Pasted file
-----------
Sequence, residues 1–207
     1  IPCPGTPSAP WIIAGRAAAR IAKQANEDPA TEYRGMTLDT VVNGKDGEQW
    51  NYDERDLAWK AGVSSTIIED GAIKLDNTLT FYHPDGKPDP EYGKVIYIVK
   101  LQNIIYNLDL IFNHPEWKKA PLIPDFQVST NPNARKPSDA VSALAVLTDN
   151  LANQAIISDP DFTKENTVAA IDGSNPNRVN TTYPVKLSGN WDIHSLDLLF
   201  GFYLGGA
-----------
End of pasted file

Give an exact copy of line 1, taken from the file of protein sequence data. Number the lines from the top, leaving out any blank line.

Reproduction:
Sequence, residues 1–207